Although autism severity rose due to the ultrasounds conducted in the first trimester, there was no further risk in later ultrasound scans.
A new study has looked into the relationship between ultrasound scans in the first trimester of pregnancy and the severity of autism symptoms in the fetus of those genetically predisposed to the condition.
A team of researchers from the University of Washington and Seattle Children’s Research Institute looked at data from Simon’s Simplex Collection autism genetic repository which contains samples from 2,644 families who have a child with ASD and the data revealed there could be a link between exposure to diagnostic ultrasound.
“Where does this disorder develop from? How do kids get autism? And the second question is why are kids with autism so different from each other? This study really looks at the second question. Within kids with autism, what are some of the factors that may result in a child having a good outcome or higher IQ or better language or less severity versus a child who maybe takes more of a hit and continues to struggle throughout their lifespan?” explained lead author Sara Webb, University of Washington Medicine researcher in psychiatry and behavioral sciences.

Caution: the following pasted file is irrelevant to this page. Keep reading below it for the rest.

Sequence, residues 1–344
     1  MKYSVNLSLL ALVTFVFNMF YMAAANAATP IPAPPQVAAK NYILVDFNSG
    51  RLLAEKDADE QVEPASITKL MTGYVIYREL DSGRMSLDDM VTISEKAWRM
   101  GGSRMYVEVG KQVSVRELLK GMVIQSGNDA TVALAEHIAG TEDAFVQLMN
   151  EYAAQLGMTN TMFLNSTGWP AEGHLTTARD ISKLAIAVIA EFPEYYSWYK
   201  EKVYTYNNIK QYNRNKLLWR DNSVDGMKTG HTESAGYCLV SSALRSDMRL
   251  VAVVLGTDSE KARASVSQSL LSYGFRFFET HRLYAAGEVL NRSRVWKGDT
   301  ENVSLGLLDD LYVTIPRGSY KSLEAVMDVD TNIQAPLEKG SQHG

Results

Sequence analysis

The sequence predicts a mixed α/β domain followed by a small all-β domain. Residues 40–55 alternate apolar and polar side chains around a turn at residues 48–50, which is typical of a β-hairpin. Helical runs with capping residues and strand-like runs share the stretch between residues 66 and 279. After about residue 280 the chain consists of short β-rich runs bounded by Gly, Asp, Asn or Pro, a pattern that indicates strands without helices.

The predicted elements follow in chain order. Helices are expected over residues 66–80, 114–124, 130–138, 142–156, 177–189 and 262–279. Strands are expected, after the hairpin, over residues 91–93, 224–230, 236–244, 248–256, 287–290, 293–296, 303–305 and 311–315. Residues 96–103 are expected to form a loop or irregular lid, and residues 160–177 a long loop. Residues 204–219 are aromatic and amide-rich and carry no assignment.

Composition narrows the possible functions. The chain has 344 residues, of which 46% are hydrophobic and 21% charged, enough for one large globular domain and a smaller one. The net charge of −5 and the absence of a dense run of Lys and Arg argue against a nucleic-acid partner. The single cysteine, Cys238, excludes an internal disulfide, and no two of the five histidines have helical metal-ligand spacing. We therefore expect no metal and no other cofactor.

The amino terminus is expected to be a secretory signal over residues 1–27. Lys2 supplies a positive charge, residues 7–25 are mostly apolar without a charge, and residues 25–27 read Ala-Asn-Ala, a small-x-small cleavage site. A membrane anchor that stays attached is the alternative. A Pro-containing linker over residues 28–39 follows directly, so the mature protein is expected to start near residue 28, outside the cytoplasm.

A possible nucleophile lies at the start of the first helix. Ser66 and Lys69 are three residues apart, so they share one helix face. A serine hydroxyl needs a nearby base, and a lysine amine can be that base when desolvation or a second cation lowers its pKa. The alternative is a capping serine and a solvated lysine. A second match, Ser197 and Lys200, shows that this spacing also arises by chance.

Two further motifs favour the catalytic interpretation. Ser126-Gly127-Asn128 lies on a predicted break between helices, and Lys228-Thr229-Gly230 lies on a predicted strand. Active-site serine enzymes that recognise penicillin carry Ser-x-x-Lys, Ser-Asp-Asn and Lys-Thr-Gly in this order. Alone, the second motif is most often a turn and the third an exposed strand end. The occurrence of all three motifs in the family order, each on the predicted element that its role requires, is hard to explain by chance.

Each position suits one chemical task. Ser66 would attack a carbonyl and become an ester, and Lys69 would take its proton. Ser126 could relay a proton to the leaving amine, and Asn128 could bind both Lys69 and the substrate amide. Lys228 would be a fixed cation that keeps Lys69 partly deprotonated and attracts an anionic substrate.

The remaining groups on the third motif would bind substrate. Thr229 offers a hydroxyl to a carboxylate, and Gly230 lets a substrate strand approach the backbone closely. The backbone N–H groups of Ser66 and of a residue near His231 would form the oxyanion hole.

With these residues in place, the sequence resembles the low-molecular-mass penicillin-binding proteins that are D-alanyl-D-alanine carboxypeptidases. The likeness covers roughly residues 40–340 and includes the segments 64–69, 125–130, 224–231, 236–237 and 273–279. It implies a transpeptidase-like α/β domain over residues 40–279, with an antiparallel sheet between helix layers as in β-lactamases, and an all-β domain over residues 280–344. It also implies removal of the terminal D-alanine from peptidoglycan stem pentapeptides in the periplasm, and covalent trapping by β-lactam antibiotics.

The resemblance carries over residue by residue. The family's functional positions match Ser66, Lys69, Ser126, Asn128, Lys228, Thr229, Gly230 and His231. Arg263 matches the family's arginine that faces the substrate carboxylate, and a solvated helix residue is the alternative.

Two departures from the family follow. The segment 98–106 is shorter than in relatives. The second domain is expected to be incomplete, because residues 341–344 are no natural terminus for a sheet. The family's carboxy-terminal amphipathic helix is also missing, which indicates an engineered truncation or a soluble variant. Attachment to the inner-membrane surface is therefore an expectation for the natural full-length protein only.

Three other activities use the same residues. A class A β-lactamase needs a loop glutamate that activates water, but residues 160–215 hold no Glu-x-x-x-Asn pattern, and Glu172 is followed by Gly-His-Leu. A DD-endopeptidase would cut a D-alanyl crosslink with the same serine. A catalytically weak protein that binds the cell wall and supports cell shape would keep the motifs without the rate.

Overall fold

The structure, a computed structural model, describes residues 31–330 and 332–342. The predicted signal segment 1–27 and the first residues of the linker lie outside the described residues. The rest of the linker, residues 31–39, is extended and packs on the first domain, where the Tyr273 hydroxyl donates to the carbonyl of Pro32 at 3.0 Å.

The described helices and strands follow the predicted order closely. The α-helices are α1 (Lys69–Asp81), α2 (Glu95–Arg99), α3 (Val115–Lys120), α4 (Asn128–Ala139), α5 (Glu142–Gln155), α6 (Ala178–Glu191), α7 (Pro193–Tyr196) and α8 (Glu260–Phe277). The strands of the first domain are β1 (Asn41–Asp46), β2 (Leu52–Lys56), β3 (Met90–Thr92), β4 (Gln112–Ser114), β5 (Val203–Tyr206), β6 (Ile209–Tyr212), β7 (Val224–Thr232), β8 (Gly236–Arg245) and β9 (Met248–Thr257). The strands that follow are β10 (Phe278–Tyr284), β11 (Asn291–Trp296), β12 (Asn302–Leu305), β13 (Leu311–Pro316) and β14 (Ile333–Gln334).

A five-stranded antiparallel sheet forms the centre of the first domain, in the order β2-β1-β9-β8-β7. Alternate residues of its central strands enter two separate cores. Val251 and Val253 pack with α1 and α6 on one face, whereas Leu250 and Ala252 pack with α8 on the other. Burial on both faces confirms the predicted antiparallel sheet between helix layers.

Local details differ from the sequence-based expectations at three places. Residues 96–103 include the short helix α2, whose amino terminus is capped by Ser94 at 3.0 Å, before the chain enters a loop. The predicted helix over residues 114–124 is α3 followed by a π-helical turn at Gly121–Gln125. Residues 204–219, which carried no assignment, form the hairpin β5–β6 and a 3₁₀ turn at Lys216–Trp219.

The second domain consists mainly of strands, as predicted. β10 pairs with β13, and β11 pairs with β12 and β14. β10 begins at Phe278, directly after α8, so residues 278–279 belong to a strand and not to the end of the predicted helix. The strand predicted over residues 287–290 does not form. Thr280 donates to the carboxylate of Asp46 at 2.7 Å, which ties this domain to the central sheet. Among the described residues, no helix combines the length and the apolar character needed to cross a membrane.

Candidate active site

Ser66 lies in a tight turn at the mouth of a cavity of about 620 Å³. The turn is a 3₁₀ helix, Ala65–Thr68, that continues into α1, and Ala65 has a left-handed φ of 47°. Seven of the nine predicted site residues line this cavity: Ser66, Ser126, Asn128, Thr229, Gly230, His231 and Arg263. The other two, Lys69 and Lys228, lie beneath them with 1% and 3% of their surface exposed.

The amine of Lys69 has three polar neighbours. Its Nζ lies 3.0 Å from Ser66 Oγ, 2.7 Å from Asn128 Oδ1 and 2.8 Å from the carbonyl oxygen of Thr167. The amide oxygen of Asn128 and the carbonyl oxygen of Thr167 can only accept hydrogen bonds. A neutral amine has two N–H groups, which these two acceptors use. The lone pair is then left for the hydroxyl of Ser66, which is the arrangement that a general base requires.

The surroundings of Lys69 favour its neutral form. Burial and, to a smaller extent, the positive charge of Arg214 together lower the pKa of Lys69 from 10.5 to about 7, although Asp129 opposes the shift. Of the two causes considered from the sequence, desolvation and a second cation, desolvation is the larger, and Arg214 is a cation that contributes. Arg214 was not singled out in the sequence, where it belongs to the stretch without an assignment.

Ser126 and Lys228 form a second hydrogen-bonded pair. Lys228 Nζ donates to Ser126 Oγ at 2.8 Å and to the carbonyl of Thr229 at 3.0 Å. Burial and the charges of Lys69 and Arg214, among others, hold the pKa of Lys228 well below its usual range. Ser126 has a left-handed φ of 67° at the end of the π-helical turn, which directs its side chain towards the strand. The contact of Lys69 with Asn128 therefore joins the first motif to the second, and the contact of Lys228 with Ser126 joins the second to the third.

The current Food and Drug Administration guidelines says that diagnostic ultrasounds in the first trimester of pregnancy should only be implicated in extreme medical necessity and the latest study now backs this up.
While it is still unknown why the ultrasound procedure affects the fetus, the study will help to understand this further. They have so far found that there are no effects when the ultrasound is performed in later stages of the pregnancy.
“If we can figure out this information in any other way, I would go with that,” Webb said. “It’s always worth considering that when we do medical procedures, there are great benefits but also risk.”
Details of the study were published in Autism Research.